rich countries have reserved half of future vaccine doses, Oxfam says

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A group of wealthy countries, representing 13% of the world’s population, have pre-purchased half of future doses of Covid-19 vaccines, according to a report published Wednesday September 16 by the non-governmental organization (NGO) Oxfam.

The logic of these countries is to source as a precaution from multiple competing manufacturers, in the hope that at least one of their vaccines will prove effective, but the report highlights the difficulty that part of the population will have. world to find vaccines in the initial period, while an international pooling device called Covax, supported by the World Health Organization (WHO), was boycotted by Washington and lacked funding.

The United States, as early as May, then the United Kingdom, the European Union, Japan and other countries have signed multiple contracts guaranteeing in advance the production and delivery of doses if clinical trials are underway. were conclusive. The Americans will even have doses delivered as early as October, in order to be ready to distribute them within 24 hours of a possible health authorization.

The AstraZeneca group, a partner of the University of Oxford, signed the most of these contracts publicly, but Sanofi, Pfizer, Johnson & Johnson, the American biotech Moderna, the Chinese laboratory Sinovac and the Russian institute Gamaleïa have also pre-sold hundreds of millions of doses worldwide, sometimes in the form of partnerships with local manufacturers.

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“Vaccine nationalism”

According to Oxfam, contracts have already been signed with five of these manufacturers in phase 3 of clinical trials for 5.3 billion doses, of which 51% for developed countries: those mentioned above, but also Australia, Hong Kong, Switzerland and Israel (figures do not include contracts for vaccines not yet in phase 3).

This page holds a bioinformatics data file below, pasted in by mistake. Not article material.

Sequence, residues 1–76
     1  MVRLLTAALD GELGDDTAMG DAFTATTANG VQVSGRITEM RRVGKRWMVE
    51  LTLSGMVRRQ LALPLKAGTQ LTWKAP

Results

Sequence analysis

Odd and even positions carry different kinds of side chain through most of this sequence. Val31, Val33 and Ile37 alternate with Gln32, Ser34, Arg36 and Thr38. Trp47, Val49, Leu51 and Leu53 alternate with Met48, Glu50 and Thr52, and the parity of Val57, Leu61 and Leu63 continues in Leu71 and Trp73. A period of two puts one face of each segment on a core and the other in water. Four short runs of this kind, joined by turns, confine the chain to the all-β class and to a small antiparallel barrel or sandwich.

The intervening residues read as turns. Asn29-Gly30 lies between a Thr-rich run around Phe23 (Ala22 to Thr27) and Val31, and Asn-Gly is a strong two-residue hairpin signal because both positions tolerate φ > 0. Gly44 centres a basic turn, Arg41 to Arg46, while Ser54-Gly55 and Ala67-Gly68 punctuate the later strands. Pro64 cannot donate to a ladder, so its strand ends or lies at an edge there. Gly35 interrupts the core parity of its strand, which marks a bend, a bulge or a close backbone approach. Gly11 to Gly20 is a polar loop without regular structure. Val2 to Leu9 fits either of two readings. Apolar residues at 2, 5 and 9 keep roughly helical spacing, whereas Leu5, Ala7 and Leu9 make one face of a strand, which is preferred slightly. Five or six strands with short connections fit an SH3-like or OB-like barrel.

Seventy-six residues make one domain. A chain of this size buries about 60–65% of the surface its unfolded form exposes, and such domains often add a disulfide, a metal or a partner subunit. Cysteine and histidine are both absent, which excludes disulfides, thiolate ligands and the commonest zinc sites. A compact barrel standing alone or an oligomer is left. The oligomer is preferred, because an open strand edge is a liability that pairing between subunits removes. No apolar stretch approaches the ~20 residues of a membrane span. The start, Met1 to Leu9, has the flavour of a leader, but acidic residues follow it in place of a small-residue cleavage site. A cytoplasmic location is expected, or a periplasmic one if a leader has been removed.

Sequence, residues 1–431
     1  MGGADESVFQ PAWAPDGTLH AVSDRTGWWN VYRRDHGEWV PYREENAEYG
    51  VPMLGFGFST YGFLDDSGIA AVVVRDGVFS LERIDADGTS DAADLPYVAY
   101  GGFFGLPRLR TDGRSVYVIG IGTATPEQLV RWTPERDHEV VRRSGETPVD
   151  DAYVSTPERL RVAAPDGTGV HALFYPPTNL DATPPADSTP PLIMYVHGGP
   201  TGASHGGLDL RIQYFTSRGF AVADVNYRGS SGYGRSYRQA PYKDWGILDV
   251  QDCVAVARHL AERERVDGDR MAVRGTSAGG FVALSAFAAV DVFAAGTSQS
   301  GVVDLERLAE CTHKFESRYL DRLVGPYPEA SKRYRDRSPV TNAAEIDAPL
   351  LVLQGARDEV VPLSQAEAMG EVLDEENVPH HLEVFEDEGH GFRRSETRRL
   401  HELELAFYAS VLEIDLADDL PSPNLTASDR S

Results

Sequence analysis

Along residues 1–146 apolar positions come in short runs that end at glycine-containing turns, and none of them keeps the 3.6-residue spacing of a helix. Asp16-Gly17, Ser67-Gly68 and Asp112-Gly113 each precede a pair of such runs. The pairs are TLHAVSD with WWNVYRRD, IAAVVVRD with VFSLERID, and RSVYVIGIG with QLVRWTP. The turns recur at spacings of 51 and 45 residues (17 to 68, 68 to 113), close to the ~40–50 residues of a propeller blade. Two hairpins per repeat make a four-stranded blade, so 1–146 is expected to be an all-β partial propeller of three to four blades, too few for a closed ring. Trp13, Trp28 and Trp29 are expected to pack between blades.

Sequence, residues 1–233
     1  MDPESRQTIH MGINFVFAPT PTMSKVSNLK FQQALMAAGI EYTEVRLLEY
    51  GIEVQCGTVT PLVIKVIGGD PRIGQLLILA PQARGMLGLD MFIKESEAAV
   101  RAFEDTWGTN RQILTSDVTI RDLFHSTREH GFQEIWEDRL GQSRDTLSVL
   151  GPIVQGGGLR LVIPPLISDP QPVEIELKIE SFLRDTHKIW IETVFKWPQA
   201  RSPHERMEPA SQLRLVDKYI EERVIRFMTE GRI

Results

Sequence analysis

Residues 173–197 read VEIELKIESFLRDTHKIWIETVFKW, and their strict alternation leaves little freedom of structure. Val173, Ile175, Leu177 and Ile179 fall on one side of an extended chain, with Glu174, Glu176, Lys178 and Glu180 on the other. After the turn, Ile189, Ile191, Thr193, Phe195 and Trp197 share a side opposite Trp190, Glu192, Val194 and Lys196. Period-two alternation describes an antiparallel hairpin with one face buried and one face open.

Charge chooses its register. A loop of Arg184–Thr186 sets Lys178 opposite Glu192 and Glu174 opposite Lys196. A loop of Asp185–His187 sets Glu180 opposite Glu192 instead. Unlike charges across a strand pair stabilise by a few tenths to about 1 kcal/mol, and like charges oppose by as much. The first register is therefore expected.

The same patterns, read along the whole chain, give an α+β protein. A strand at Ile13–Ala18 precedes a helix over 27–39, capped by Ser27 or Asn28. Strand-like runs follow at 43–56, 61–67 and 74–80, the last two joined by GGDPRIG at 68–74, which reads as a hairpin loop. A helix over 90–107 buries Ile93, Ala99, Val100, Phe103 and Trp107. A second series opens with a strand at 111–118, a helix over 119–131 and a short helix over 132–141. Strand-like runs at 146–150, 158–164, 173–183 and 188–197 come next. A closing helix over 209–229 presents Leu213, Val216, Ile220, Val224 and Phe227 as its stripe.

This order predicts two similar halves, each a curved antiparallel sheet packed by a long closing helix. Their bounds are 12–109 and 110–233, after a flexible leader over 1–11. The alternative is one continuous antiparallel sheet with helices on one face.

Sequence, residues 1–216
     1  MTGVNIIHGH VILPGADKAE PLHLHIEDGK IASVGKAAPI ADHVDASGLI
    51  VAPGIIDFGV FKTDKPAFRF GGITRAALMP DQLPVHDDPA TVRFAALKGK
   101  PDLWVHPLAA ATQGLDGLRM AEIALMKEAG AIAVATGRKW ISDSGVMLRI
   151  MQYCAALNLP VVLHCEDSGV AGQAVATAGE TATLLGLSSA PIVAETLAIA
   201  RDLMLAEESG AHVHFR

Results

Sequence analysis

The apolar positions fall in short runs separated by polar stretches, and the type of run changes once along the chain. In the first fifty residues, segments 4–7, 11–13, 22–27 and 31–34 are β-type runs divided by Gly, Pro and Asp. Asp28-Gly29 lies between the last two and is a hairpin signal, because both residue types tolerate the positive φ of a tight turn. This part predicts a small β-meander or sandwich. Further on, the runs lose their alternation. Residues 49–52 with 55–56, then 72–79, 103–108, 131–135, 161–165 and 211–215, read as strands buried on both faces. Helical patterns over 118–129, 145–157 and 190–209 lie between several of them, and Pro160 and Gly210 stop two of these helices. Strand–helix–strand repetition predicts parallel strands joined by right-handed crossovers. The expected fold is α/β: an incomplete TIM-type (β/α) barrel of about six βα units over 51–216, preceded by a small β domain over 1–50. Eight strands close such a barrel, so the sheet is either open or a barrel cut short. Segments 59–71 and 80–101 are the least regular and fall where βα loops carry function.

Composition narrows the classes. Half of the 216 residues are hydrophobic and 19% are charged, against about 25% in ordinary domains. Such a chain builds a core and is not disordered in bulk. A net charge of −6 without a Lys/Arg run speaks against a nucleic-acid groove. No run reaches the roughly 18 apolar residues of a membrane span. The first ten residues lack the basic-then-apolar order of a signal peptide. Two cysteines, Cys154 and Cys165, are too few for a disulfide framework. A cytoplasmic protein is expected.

The rest has been pledged to developing countries including India (where giant manufacturer Serum Institute of India is located), Bangladesh, China, Brazil, Indonesia and Mexico, according to Oxfam.

Donald Trump’s United States (330 million people) has reserved a total of 800 million doses from six manufacturers, and the European Union (450 million people) has purchased at least 1.5 billion doses , according to a statement from Agence France-Presse (AFP). Gold, “Vital access to vaccines should not depend on where you live or how much money you have”, a regretté Robert Silverman, d’Oxfam.

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Experts in public health have proposed several methods of global distribution: the WHO would like to give each country enough to vaccinate 20% of its population; a group of ethicists suggested prioritizing countries where the virus kills the most.

But the United States has announced that it intends to offer the vaccine first to all its inhabitants, not just the vulnerable and the elderly. This kind of “Vaccine nationalism” was denounced by multiple public health officials, and by the President of the European Commission, Ursula von der Leyen, in a speech Wednesday before the European Parliament.

Read the interview with Antonio Guterres: “We absolutely must see the vaccine against the pandemic as a public good”

The World with AFP

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